A Guide to the Core Muscles

The Core is composed of as many as 35 different muscle groups connecting into the pelvis from the spine and hip area. It is incorporated in almost every movement of the human body. Not only does a conditioned core make you look good, it is the main group of muscles that support you in an upright position. Your erect posture results from these three main muscle groups of the abdominal core:

Rectus Adomimus

Rectus Adominus

Commonly referred to as “abs” or “six-pack” or “washboard”, this flat muscle runs the entire length of the abdomen. It connects just under the pectoralis group on top and at the front of the pelvis on the bottom. Its main purpose is to hold in the internal organs and allow the spinal column to flex forward giving us the ability to bend forward at the waist.


Comprised of the external and internal obliques, these two muscle groups run the whole length of the chest from collarbone to the pelvis. Laterally they start on each side of the Rectus Adominus and wrap around the waist terminating midway down the spine to just above the buttocks (the gluteus maximus). As their name suggests, the internal obliques lie deeper underneath the external obliques.

Both obliques allow us to bend sideways and rotate our trunk in both directions. In addition, the obliques, like the rectus abdominus, also compress and hold the internal organs. The obliques are also responsible in assisting with digestion and are the muscles used when we forcibly exhale along with aiding with good erect posture.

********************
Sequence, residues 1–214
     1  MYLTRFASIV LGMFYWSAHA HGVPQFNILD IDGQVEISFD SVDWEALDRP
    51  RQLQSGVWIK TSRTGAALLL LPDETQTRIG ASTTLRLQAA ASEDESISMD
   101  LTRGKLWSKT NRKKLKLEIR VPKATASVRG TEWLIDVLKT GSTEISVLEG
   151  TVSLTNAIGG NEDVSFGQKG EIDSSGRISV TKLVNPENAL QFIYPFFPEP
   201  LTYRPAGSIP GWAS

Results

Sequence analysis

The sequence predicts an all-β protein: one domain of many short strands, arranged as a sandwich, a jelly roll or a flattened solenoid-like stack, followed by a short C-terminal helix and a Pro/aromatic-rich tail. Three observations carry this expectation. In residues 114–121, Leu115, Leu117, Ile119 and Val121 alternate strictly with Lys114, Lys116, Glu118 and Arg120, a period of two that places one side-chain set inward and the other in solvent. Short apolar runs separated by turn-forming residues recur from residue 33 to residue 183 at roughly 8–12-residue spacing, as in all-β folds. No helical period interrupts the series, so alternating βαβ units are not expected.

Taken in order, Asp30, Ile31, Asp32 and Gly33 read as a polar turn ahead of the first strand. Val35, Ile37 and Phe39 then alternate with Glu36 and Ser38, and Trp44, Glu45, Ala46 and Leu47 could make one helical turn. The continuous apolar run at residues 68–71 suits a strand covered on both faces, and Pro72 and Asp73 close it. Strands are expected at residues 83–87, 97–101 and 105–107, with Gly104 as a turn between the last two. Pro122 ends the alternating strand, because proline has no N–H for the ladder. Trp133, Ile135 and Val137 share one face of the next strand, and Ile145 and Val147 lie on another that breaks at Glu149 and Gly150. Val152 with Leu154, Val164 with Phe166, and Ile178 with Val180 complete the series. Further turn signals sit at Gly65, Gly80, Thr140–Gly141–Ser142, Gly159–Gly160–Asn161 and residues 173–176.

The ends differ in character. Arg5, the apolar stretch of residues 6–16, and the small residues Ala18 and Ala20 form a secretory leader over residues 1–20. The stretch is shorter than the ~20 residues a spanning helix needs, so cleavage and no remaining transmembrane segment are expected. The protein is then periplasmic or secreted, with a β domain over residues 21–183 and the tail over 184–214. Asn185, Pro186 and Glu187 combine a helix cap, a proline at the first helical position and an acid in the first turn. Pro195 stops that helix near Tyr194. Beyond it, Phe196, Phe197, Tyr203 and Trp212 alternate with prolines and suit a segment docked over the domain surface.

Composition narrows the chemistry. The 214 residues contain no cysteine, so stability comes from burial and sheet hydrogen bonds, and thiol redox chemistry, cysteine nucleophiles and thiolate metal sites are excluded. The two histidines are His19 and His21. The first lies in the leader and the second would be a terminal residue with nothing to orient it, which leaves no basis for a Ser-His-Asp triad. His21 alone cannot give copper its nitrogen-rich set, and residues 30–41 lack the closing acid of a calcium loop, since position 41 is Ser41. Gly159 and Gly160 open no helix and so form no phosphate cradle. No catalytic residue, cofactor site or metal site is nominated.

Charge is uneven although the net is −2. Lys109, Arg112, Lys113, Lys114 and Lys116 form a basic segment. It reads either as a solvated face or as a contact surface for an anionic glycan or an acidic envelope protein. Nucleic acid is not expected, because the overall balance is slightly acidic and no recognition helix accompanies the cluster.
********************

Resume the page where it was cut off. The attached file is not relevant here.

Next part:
The intercostals muscles run between the ribs and make up the wall of the chest cavity. As with many of the other muscle groups these too also break down into both internal and external.

External – This part of the intercostals are located on the outside of the ribs and function to increase the size of the thoracic cavity – the area from the neck to the diaphragm when contracted. They also assist with normal and forced inhalation.

Internal – The internal intercostals are located on the inside of the ribs and do just the opposite – they make the thoracic cavity smaller when contracted and assist with exhalation, both normal and forced.

Building Core Muscles

While there are dozens of exercises that can build up the abdominal core, these are the basics ones to start with:

Rectus Adominus – crunches or sit-ups
Obliques – side bends and decline oblique crunches
Intercoastals – trunk twists

The exercises include basic weight lifting to strengthen the hip muscles to isometric exercises for the back extensors, abdominals, and lateral trunk muscle.

While having a “six-pack” is the dream of many people, they are far more than for the attraction of the opposite sex. Not only do they serve to make the core more flexible, but also add stability to the posture.